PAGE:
Monitor: All the News of the World

The American press looks back on the old year - and forward to the new one
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The Independent Culture
TALK ABOUT prophetic. We started the year by going nuts over a disaster movie, Titanic. By the time 1998 had finally blown over, however, we had coped with plenty of real-life catastrophes, El Nino, Monicagate, embassy bombings, school shootings, flash floods, the Chiefs, even the passing of "Old Blue Eyes".

But more uplifting events occurred, too, such as the [baseball] home- run record race, the return of an astronaut hero [John Glenn], Saving Private Ryan, a resurgent bull market and even - dare we say it? - the introduction of Viagra.

The Kansas City Star

TO LAUNCH the new year, we suggest these proclamations for a select few people:

Linda Tripp: Resolve to find a real job.

All Presidential Hopefuls: Resolve to spend as much time talking to voters as raising campaign contributions.

Bill Gates: Resolve to remember more about your business strategy than President Clinton did about Monica Lewinsky, or Ken Starr did about his investigations.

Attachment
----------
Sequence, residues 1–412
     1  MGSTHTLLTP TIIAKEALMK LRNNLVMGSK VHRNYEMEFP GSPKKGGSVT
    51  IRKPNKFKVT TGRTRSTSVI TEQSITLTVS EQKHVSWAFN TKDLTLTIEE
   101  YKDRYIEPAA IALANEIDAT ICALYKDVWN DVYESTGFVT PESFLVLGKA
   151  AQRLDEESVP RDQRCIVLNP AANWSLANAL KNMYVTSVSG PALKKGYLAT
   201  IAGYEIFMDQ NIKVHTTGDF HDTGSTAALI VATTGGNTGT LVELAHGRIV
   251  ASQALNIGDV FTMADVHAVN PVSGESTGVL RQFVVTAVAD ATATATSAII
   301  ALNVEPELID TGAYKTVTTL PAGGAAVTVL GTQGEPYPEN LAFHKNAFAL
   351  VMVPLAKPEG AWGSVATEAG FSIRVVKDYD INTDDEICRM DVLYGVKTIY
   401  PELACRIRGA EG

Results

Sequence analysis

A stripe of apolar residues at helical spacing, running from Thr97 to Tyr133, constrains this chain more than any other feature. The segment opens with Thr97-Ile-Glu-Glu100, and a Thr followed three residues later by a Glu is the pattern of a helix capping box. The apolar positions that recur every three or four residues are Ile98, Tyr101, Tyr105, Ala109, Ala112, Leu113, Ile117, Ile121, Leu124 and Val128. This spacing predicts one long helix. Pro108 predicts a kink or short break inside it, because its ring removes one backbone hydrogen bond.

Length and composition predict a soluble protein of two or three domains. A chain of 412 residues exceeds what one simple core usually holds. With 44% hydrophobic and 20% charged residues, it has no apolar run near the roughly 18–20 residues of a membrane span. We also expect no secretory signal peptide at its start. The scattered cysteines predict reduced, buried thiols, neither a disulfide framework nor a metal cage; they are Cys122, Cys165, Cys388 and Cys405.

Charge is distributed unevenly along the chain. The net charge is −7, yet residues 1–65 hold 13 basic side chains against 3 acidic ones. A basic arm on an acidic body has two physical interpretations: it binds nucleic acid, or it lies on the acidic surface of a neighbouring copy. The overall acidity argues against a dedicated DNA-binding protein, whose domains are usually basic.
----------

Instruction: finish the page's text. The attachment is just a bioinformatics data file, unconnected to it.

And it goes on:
Governor George W Bush: Resolve to print "Compassionate Conservative" T-shirts and follow that motto no matter how rough other party factions play.

The Dallas Morning News

AS TEMPTING as it might be to let 1998 drag its surreal, sorry carcass out the back door without further comment, we present once again our year- end list of winners and sinners.

The Golden Spigot Award: The office of independent counsel Kenneth Starr. The last thing we saw leaking that much was the Titanic.

With Friends like these Trophy (female division): Linda Tripp.

With Friends like these Trophy (international division): Saddam Hussein, whose nasty behaviour kept undercutting French and Russian efforts to lift sanctions against Iraq and end his pariah status.

The W C Fields Award: The Republican convention site selectors, who, on the whole, would rather be in Philadelphia.

Unheeded Wisdom Award: The President's Initiative on Race. It was hard to hear in all the static, but the dialogues and report were useful.

The Philadelphia Inquirer